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Password Complexity vs Password Entropy

In the IT world, we always hear the term password complexity. We are told to have complex passwords that include upper and lower case letters, numbers, and special characters. This is beneficial information, but in reality, all complexity does is prevent easily guessed passwords such as: Password, Summer, and Baseball. Password complexity forces users to include different character sets. Password by itself is a very weak password. However, Password1! is a complex password due to the fact that it contains an upper case letter, lower case letters, a number, and a special character.

According to Deloitte, “Most people put a capital letter at the beginning, and if you use a symbol, you probably use an exclamation mark.” Now let’s reevaluate Password1!, it may be complex, but not smart if everyone is following the same character pattern.


Password entropy is the measurement of how unpredictable a password is. The mathematical formula is based off of how many different character sets are used as well as the length of the password. The formula is CL. C represents the size of character sets, or how many different characters are present in that set. L represents the length of the password. This TechNet Blog has a table that represents it perfectly:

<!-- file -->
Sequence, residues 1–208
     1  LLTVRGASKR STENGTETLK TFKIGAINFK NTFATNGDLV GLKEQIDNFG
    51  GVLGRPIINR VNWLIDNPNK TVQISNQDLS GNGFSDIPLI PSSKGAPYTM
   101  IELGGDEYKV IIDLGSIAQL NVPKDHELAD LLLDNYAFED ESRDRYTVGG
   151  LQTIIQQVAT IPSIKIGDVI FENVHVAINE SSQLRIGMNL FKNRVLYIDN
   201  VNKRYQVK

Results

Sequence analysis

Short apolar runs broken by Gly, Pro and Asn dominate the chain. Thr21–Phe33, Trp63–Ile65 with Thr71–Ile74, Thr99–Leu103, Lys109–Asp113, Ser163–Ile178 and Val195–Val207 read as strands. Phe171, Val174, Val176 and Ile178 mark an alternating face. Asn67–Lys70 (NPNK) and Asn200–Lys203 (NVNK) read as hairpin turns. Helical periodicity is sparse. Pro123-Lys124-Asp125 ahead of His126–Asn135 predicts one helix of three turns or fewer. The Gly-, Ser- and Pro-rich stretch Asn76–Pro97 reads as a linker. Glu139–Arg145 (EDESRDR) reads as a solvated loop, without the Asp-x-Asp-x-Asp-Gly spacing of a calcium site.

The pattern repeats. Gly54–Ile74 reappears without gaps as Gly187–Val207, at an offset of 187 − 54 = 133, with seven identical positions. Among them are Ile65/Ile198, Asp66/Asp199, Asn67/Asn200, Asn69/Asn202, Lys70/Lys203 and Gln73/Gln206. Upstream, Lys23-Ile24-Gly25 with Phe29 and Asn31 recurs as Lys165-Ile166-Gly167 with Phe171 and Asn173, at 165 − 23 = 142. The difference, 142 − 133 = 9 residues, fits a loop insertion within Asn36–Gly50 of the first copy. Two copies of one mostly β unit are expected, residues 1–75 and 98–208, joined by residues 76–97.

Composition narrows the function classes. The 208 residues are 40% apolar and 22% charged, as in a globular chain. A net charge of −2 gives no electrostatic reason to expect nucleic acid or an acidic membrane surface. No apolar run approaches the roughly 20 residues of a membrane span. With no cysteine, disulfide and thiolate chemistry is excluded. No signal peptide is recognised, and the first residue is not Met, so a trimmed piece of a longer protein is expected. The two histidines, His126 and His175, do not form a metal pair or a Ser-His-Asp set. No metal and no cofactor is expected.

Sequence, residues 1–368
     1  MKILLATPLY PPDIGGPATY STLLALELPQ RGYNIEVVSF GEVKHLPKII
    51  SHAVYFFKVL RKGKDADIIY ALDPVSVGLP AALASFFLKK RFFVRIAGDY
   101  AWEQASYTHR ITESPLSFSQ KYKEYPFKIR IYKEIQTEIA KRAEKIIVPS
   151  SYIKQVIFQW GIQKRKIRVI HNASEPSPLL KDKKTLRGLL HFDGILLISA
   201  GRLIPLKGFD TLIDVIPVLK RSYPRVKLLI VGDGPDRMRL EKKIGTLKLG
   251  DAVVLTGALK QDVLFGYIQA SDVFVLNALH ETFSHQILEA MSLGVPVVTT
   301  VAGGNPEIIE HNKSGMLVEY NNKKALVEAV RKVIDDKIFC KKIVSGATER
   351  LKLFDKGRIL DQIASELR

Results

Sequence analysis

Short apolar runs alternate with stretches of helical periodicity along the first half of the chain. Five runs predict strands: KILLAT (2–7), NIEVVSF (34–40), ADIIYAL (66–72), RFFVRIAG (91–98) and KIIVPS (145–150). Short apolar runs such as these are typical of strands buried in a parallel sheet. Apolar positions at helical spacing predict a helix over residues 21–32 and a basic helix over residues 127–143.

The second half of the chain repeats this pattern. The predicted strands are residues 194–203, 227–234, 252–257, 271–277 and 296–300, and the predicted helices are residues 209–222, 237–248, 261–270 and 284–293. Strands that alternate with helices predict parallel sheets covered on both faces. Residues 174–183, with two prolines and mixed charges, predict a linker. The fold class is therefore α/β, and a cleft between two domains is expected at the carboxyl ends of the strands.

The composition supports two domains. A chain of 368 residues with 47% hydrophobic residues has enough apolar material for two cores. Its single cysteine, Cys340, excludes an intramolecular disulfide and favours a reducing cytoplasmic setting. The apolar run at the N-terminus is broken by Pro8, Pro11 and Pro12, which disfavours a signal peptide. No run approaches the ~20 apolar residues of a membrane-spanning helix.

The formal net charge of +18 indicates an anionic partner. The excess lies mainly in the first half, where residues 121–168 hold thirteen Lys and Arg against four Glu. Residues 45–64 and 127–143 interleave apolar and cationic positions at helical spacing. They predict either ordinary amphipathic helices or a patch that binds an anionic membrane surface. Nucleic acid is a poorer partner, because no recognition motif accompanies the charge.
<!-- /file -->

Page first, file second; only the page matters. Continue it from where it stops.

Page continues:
Entropy Spreadsheet

From this table, we can see that increasing password complexity is important. However, having longer length passwords significantly decreases your chance of being hacked. This Microsoft blogger’s most beneficial piece of advice is to have a password policy that defines longer length passwords and includes a very large dictionary of all easily guessed passwords.

Unfortunately, Windows does not offer the ability to check passwords against a dictionary and the Windows complexity rule is not nearly enough to ensure better password security.


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